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Table 8-16 Acronyms and Abbreviations Used in UMTS (Part 4 of 4)


Abbreviation RACH RAN RANAP RB RRC RLC RNC SCH SGSN SM TCP TDMA TE TMSI TrM TTI UE UL UM UMTS UTRAN VLR W-CDMA End of Table 8-16 Description Random Access Channel Radio Access Network Radio Access Network Application Part Radio Bearer Radio Resource Control Radio Link Control Radio Network Controller Synchronization Channel Serving GPRS Support Node Session Management Transport Control Protocol Time Division Multiple Access Terminal Equipment Temporary Mobile Subscriber Identity Transparent Mode Transmission Time Interval User Equipment Uplink (Reverse Link) Unacknowledged Mode Universal Mobile Telecommunications System UMTS Terrestrial Radio Access Network Visitor Location Register Wideband Code Division Multiple Access

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8UMTS Model User Guide

Appendix II: UMTS Protocol Background


The packet domain core network includes two network nodes: the serving GPRS support node (SGSN) and the gateway GPRS support node (GGSN). The GPRS support nodes (GSNs) includes all the GPRS functionality required to support GSM and UMTS packet services. Using the notation defined in Figure 8-34 on page SPM-8-59, 3G-SGSN and 3G-GGSN refer to the UMTS functionality of the SGSN and GGSN respectively. The SGSN monitors users location and performs security functions and access control. The GGSN contains routing information for packet-switched (PS) attached users and provides interworking with external PS networks such as the packet data network (PDN). The circuit switched (CS) core network includes the mobile switching center / visitor location register (MSC/VLR). The MSC/VLR is used in the packet domain architecture to coordinate PS and CS services and functionality more efficiently. The association between SGSN and MSC/VLR is created, for example, to coordinate users that are both GPRS-attached and IMSI (International Mobile Subscriber Identity)-attached. The Home Location Register (HLR) contains GSM and UMTS subscribers information. The Charging Gateway Functionality (CGF) collects charging records from the SGSN and GGSN. The Equipment Identity Register (EIR) stores information about user equipment identity.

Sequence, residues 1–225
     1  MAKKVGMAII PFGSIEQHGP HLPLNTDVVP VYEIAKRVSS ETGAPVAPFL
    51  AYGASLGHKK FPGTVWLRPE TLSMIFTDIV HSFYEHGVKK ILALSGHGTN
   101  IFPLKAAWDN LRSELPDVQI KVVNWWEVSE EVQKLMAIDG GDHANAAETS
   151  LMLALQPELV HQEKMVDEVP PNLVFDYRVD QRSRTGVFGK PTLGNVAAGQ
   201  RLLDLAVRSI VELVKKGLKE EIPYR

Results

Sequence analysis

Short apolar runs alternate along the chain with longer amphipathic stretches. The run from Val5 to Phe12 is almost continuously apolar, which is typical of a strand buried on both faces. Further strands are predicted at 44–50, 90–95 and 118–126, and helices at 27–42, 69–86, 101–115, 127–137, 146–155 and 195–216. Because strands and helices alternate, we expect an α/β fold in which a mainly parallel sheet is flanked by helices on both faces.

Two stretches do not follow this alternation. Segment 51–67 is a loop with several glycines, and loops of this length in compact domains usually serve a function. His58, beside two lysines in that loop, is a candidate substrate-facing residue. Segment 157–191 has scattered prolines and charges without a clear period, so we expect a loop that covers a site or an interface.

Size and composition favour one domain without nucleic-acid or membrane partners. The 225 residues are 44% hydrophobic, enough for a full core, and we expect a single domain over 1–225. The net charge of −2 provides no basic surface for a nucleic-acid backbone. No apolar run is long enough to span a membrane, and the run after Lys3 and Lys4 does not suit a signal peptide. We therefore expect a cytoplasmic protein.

Figure 8-34 Overview of Packet Domain Architecture
A Iu UMTS TE R MT Uu UTRAN Iu Gb BSS MSC/VLR Gs D Gr SGSN Gn Ga GGSN Ga CGF EIR Gi PDN Billing System HLR

GSM

TE

MT

Um

Gf Signalling Interface Signalling and Data Transfer Interface

Figure 8-35 Equivalent OPNET Representation

Protocol Stack (Control and User Plane) The user plane and control plane of the layered protocol structure between the UE and 3G-GGSN is shown in Figure 3 and Figure 4 respectively.
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In both planes, the Medium Access Control (MAC) layer handles functions such as priority handling between data flows of one UE, and multiplexing/demultiplexing of higher layer protocol data units (PDUs) into/from transport blocks delivered to/from the physical layer. The Reliable Link Control (RLC) layer supports transfer of user data in transparent, unacknowledged, and acknowledged mode. Transparent mode supports segmentation/reassembly of higher layer PDUs into/from smaller RLC payload units (PUs) and transfer of user data. Unacknowledged mode supports segmentation and reassembly, concatenation, padding, transfer of user data, ciphering, and sequence number check. The acknowledged mode supports segmentation and reassembly, concatenation, padding, transfer of user data, error correction, in-sequence delivery of higher layer PDUs, duplicate detection, flow control, and ciphering. In the user plane, the Packet Data Convergence Protocol (PDCP) layer handles transmission and reception of PDUs using services provided by the RLC protocol, and header compression and decompression. The GPRS Tunneling protocol for the user plane (GTP-U) uses a tunneling mechanism to carry data packets between UTRAN and 3G-SGSN, and between the GSNs in the backbone network. The GPRS tunneling protocol for the control plane (GTP-C) tunnels signaling messages between SGSNs and GGSNs, and between SGSNs in the backbone network. Control Plane signaling is used to create, modify and delete tunnels. The Radio Access Network Application Protocol (RANAP) in the control plane encapsulates and carries higher-layer signaling, handles signaling between the UTRAN and 3G-SGSN, and manages the GTP connections on the Iu interface. In the control plane, signaling is transferred via a Signaling Connection Control Part (SCCP) connection on the Iu interface. The Radio Resource Control (RRC) layer handles functions such as the establishment, maintenance, and release of RRC connections between the UE and UTRAN, establishment, reconfiguration, and release of Radio Bearers, RRC connection mobility functions, and UE measurement reporting functions. The GPRS Mobility Management and Session Management (GMM) layer handles functions such as attach, detach, security, routing area update, and PDP context activation and deactivation.
Figure 8-36 MS-GGSN User Plane for UMTS
Application e.g. IP, PPP, PDCP RLC MAC L1 UE Uu PDCP RLC MAC L1 UTRAN relay GTP-U UDP/IP AAL5 ATM Iu-PS GTP-U UDP/IP AAL5 ATM 3G-SGSN relay GTP-U UDP/IP L2 L1 Gn e.g. IP, PPP, GTP-U UDP/IP L2 L1 3G-GGSN

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Figure 8-37 MS-GGSN Control Plane for UMTS


GMM, SM RRC RLC MAC RRC RLC MAC relay RANAP SCCP Signaling Bearer AAL5 L1 UE Uu L1 UTRAN ATM Iu-PS GMM, SM RANAP SCCP Signaling Bearer AAL5 ATM 3G-SGSN L1 Gn L1 3G-GGSN relay GTP-C UDP/IP L2 GTP-C UDP/IP L2

Mobility Management and Session Management